Test #2 At-Home Essay
October 22, 2012
Emerson and Thoreau Transcendentalism Beliefs
Both Emerson and Thoreau use the images of eyes, vision, and perception to properly demonstrate their transcendentalist beliefs. Transcendentalism is defined as the “idea that our spirits have a deep connection with nature and our ideas transcend to the natural world.” By using the “transparent eyeball” and other uses of perception of the whole in nature in their works, both authors establish a strong belief of perception through transcendentalism within the natural world. Their works have many parallels between them regarding perception and ultimately the use of eyes.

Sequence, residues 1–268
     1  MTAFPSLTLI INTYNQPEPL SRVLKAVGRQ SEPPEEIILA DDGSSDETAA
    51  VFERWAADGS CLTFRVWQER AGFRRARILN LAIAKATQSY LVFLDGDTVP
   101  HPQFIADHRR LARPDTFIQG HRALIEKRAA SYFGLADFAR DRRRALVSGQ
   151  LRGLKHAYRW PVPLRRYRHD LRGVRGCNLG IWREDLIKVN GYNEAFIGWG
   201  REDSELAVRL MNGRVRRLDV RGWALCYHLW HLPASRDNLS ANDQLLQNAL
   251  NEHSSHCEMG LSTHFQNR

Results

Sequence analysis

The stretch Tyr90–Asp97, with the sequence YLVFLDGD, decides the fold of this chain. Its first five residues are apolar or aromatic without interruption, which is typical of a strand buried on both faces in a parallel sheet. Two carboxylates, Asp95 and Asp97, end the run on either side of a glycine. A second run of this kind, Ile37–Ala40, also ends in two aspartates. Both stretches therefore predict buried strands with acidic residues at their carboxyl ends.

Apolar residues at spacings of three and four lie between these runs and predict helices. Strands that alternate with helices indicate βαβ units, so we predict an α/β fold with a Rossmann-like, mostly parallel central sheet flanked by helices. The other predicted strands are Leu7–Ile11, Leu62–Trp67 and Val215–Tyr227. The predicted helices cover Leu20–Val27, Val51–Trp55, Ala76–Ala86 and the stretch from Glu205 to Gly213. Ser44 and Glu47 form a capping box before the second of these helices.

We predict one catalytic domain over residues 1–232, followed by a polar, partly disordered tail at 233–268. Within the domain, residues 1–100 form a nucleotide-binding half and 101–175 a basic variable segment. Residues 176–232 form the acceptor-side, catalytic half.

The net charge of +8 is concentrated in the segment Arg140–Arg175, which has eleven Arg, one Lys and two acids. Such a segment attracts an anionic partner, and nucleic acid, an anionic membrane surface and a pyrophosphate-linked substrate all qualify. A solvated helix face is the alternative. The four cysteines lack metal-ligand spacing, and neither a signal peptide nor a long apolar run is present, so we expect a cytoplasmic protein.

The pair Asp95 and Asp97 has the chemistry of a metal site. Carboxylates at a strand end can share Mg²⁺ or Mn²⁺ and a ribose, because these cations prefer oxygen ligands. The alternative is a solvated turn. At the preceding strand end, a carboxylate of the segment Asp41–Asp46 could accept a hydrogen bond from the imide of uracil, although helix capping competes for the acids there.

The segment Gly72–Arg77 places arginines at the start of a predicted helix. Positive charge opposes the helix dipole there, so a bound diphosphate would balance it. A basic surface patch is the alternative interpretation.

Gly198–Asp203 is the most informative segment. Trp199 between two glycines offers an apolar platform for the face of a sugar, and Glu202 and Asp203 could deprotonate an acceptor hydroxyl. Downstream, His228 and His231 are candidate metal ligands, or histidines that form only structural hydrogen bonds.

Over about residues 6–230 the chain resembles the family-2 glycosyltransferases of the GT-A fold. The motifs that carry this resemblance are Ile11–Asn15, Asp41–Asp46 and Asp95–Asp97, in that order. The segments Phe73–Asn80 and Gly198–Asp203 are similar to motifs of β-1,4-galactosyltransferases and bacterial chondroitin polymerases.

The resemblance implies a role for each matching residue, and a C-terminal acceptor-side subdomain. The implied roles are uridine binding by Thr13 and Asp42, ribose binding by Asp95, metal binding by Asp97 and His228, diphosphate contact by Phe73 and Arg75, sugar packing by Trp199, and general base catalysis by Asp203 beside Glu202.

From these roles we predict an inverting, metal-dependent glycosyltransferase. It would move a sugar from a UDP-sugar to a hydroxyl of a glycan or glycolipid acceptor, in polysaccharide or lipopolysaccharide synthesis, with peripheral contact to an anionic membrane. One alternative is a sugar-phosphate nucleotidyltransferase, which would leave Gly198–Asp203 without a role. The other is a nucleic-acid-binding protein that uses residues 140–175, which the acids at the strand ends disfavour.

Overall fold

Ralph Waldo Emerson was a very important author whose ideas were adopted and adapted almost immediately after his works came to light. First, in Emerson’s piece, Nature, he introduces the audience to an idea of a transparent eyeball. He states, “Standing on the bare ground, my head bathed by the blithe air, and uplifted into infinite space, all mean egotism vanishes. I become a transparent eyeball. I am nothing. I see all. The currents of the Universal Being circulate through me; I am part or particle of God.” (1112). The most influential line in this quote is “all mean egotism vanishes.” This exemplifies the idea that it is not a personal experience in which he is undergoing; it is, in fact, a spiritual involvement with the natural world. By using the impression of an eyeball, it shows that he sees all and is part of nature as a whole. “The ruin or the blank … is in our own eye. The axis of vision is not coincident with the axis of things, and so they appear not transparent but opaque. The reason why the world lacks unity is because man is disunited with himself.” (1133). While things in Nature should be seen as transparent, we view them as impervious, which affects our perception within. Emerson also states, “There is a property in the horizon which no man has but he...